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Ding-Dong, the U.S. Needle Exchange Funding Ban Is Dead -- but the Struggle for Funds Will Continue, Advocates Say

By Olivia Ford

January 5, 2010

U.S. HIV/AIDS advocates and experts applauded the Dec. 2009 lifting of a 21-year-old ban on federal funding for needle exchange programs. "Congress has taken syringe exchange out of politics," said Daniel Raymond of Harm Reduction Coalition (HRC) in a detailed report by the HIV/AIDS organization Housing Works. Additionally, the HIV Medicine Association, an international group of HIV/AIDS medical professionals, touted the lifting of the ban as "a crucial, lifesaving step forward for HIV prevention." A proposed provision that would have blocked funds to most existing needle exchanges by virtue of their location was also eliminated, further elating advocates.

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However, despite the generally positive response, there was also some grumbling within the HIV/AIDS community. For instance, the lifting of the federal ban on needle exchange funding did not come with a guarantee of funds for such programs, according to Housing Works and others. "[I]n the short term, the immediate payoff will be modest and incremental," said HRC's Raymond of the ban's removal.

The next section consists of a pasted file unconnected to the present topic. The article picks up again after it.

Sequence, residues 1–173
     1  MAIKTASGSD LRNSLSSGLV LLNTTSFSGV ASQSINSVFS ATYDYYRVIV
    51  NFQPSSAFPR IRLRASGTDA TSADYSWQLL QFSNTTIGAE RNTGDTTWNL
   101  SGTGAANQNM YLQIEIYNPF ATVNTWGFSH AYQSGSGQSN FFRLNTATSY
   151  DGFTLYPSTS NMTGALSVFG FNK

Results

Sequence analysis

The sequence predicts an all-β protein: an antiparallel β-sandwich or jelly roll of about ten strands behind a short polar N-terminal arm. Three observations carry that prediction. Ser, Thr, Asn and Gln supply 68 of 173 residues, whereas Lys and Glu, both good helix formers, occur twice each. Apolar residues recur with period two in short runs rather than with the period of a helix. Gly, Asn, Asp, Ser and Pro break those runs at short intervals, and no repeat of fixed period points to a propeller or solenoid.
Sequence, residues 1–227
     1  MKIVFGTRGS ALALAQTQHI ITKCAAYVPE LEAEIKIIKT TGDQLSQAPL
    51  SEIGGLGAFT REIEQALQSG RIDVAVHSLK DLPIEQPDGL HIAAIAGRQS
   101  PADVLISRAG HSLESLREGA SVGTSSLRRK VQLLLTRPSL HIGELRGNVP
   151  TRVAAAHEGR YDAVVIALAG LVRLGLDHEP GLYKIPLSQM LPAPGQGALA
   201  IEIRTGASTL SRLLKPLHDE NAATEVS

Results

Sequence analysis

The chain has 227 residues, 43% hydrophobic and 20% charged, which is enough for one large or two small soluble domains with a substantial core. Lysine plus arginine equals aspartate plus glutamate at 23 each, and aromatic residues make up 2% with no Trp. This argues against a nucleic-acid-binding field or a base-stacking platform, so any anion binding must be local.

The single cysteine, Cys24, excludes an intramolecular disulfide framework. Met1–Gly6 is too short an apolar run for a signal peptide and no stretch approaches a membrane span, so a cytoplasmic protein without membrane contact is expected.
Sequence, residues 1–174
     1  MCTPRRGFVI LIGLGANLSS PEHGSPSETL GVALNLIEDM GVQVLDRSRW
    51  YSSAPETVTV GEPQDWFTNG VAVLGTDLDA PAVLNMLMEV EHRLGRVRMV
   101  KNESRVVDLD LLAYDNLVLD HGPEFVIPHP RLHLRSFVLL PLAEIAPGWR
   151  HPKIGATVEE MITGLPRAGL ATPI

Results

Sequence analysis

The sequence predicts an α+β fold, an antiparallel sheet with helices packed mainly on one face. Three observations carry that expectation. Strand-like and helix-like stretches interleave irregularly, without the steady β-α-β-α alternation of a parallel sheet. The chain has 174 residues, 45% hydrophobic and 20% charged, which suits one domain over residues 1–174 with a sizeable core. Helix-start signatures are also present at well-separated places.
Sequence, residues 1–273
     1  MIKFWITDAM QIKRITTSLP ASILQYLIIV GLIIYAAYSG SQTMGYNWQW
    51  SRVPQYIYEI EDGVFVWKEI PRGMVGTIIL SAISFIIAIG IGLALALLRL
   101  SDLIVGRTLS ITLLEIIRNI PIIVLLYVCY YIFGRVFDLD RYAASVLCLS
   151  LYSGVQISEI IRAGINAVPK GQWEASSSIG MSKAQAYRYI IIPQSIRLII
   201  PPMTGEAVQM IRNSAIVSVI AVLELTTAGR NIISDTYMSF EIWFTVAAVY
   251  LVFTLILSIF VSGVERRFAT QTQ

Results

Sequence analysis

In addition, amid their praise for an end to the ban, officials with amfAR, the Foundation for AIDS Research, expressed concern over what they deemed "relatively minor" increases for domestic and global HIV/AIDS funding in the federal government's 2010 budget.

The lifting of the federal needle exchange funding ban comes in the wake of a flurry of media coverage and congressional shuffling on the issue. Catch up on recent developments via TheBody.com's collection of news and research articles about needle exchanges in the U.S.




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